The number of nursing home deaths among Medicare patients spiked by 32 percent last year, according to a report recently released by a government watchdog. The report doesn’t examine patient causes of death, but instead compares overall nursing home deaths in 2020 to those in 2019. Death rates were higher every month last year compared to the year before. Nearly 75,000 deaths in nursing homes were reported in December 2020 alone.
The inspector general of the Department of Health and Human Services reported that about 4 in 10 nursing home residents on Medicare had COVID-19 at some point last year. Overall deaths increased by nearly 170,000 over the previous year.
Health policy professors responding to the report noted to these were, “not individuals who were going to die anyway… We’re talking about a really big number of excess deaths.”
As our Palm Beach nursing home injury lawyers can explain, not every nursing home death of the last year may be legally actionable. This is particularly true following the passage of Senate Bill 72, called Civil Liability for Damages Relating to COVID-19. Signed into law by Gov. Ron DeSantis in April, the measure casts a broad legal safety net around nursing homes and long-term care facilities when it comes to pandemic-related claims.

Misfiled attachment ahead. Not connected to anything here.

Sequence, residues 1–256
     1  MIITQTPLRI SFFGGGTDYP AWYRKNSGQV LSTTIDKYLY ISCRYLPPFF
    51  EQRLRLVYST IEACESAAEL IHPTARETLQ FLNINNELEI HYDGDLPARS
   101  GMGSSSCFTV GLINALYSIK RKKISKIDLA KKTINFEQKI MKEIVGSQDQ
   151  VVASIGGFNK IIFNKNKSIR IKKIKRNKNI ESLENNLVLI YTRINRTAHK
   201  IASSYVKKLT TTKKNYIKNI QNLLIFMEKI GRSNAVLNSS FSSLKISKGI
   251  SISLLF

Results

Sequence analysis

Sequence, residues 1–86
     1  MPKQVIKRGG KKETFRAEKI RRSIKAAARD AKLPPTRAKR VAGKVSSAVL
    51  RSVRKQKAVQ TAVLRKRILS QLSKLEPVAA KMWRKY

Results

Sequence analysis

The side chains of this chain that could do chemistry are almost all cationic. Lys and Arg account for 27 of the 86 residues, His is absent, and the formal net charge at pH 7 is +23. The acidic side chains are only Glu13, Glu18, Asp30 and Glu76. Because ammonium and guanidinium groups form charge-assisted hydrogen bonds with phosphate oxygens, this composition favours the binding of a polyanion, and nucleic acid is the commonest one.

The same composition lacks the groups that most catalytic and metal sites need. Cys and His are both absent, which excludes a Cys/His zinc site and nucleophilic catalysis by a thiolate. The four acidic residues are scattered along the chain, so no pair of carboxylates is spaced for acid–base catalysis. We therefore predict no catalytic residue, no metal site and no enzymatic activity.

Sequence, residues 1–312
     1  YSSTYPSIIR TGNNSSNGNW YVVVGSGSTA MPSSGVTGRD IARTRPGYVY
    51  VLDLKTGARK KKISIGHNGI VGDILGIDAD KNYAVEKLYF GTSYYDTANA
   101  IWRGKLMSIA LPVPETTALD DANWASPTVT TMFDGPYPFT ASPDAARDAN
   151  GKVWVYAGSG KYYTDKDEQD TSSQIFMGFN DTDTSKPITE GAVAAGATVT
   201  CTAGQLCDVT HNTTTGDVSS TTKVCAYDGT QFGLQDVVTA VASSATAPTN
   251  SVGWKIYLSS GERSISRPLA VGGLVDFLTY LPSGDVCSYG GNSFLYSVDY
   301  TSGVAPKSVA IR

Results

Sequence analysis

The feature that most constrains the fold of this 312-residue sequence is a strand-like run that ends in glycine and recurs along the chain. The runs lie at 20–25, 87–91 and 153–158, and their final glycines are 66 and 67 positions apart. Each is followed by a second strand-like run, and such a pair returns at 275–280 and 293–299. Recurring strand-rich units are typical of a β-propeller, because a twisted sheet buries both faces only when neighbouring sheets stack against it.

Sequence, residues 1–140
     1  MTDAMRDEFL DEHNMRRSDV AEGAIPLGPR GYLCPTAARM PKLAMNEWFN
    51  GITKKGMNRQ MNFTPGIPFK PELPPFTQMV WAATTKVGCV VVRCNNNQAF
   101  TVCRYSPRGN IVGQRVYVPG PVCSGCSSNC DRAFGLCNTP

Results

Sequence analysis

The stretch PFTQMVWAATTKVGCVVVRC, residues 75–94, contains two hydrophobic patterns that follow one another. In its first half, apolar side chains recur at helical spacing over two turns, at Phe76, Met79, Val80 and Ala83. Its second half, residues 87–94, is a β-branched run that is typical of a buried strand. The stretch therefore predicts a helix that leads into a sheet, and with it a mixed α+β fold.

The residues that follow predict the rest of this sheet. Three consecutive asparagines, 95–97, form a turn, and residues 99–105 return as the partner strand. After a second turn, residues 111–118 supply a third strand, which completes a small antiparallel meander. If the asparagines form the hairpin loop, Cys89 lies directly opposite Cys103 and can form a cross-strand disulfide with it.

However, it does not shield facilities whose residents suffer injury or wrongful death due to negligence, neglect, and abuse. But that does not mean some nursing homes won’t try to use SB 72 as blanket protection from nursing home litigation during the pandemic, potentially for issues like understaffing, which have been chronic and date back to long before COVID. Our Florida nursing home injury lawyers are committed to fighting for justice and the rights of the most vulnerable among us.